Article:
Red-spotted Bluethroat (Luscinia svecica)
In the next 6-weeks, migrants will arrive in numbers, so a great time to be in Kuwait, if you are a birder.










01 March 2015

Winter to Spring Transition

Week 08, 20 February 2015 - Al Abraq to Jahra Pools

Neil Tovey and I spent a good part of the day birding from the west to the east of Kuwait. We started off at Al Abraq at first light, but had a real challenge navigating to and getting to the farm as a heavy desert fog rolled in and enveloped us. It was quite weird driving blind in the general direction of the farm, trying to follow a faint track with less than 5m visibility.

We finally arrived, almost driving into the gates of the farm as they suddenly appeared out of the fog in front of us. We opted to walk first hearing lots of birds, but not being able to initially see them.

There was heavy moisture in the air with dew hanging off the tree's. It felt like we were not in Kuwait for the start of the morning - quite surreal and wonderful. Actually, this was the first time I have had such thick fog so far west in the desert.


Dewdrops from the desert fog
At the pond, a male Byzantine Stonechat seemed quite reluctant to move.


Male Byzantine Stonechat (Saxicola m. variegatus)


As was a Mauryan Grey Shrike sitting in the gloom (some heavy editing in PS helped brighten an otherwise dull image)


Mauryan Grey Shrike (Lanius lahtora pallidirostris)
Only around 8:30am did the sun start burning the fog away and this was when I discovered a solitary Western White Stork that appeared to have perched overnight on a fence. However, it wasn't too long before it decided to try and get airborne - but it still wasn't warm enough to generate the updraft required to get the lift it needed, so it stayed around the farm until later in the morning. 


Western White Stork (Ciconia ciconia)



By this time, we had bright blue skies and many birds around. We picked up a late and skittish Red-breasted Flycatchers, but we were really surprised with the number of Byzantine Stonechat's with more males than females recorded.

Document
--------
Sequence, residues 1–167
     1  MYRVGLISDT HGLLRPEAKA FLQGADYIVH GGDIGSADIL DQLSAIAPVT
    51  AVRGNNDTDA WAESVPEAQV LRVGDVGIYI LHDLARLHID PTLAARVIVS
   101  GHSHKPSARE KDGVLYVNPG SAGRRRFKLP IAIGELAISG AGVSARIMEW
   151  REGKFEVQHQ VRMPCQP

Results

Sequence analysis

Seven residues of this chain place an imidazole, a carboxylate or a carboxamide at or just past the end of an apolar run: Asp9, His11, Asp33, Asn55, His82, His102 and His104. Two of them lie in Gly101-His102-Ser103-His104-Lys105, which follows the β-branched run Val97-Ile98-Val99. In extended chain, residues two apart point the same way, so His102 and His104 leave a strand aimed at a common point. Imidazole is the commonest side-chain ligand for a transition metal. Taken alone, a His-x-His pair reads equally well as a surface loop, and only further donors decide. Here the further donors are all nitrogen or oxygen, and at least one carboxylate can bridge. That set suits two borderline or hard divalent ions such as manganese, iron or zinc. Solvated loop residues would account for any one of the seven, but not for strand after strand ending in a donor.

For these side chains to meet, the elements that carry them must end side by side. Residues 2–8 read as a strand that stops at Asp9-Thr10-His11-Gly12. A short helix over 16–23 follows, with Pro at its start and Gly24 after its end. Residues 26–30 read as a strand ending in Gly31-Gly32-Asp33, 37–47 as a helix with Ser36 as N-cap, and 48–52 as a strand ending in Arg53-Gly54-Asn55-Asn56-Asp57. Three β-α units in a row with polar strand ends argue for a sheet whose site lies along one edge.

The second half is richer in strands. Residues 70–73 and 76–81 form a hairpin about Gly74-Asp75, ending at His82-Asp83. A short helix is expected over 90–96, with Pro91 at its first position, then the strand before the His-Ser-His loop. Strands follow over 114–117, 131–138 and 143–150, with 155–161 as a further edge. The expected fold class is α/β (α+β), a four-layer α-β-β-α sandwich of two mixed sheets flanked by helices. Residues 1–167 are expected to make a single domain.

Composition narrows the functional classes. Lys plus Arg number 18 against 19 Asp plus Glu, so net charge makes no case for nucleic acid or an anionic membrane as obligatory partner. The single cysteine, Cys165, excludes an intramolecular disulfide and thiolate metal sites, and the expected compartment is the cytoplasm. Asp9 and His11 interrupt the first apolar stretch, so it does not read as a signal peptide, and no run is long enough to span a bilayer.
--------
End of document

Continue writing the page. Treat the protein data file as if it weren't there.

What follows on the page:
Female Byzantine Stonechat (Saxicola m. variegatus)


Male Byzantine Stonechat (Saxicola m. variegatus)



There were small numbers of Willow Warbler interspersed with the many Common Chiffchaff's


Common Chiffchaff (Phylloscopus collybita)
And the few remaining White Wagtails


White Wagtail (Motacilla alba)
were now joined by Yellow Wagtails, all Feldeggs


Black-headed Wagtail (Motacilla f. feldegg)
Bar one, which could be an integrade between two ssp


This could be a 'feldegg' x 'iberia' or 'supercilliaris' x 'melanogrisea'
A pair of Grey Wagtails were also recorded near the entrance and later at the reservoir


Grey Wagtail (Motacilla cinerea)


We had a single male Eurasian Sparrowhawk briefly overhead


Male Eurasian Sparrowhawk
Also a good few Eurasian Hoopoe's


Eurasian Hoopoe (Upupa epops)
A flock of Barn Swallow had both Common House Martin and Red-rumped Swallow amongst them


Red-rumped Swallow (Cecropis daurica)


Near the fields, we picked up a Song Thrush, this one of the few that stayed a little longer out in the open


Song Thrush (Turdus philomelos)
A Turkestan Shrike


Turkestan Shrike (Lanius phoenicuroides)
And also a skulking Sedge Warbler (note the long PP) in the acacia's.


Sedge Warbler (Acrocephalus schoenobaenus)
By now we had worked the farm pretty well, so decided to head east. 

On the road south back to the freeway, Neil picked up a small flock of thermalling Steppe Eagles


Steppe Eagle (Aquila nipalensis)
I went to Jal Al Zour to look for Crag Martin, but only found the White-crowned Wheatear which remained right at the top of the wadi against the light


White-crowned Wheatear (Oenanthe leucopyga)


Neil tried Al Shallah Farm, but did not add anything new.

We met up again at Jahra Pools, finding a few Greater Spotted Eagle overhead


Greater Spotted Eagle (Clanga clanga)
and for me a single European Stonechat in amongst a few more Byzantine's


Female European Stonechat (Saxicola rubicola) with a warm backdrop
Spring was certainly in the air this morning, but this changed later in the afternoon when Kuwait was hit with a sudden and severe dust storm that lasted through the night. By Sunday, we were back to winter temperatures following the heavy snow that fell in the western Middle East (Jordan, Lebanon etc.)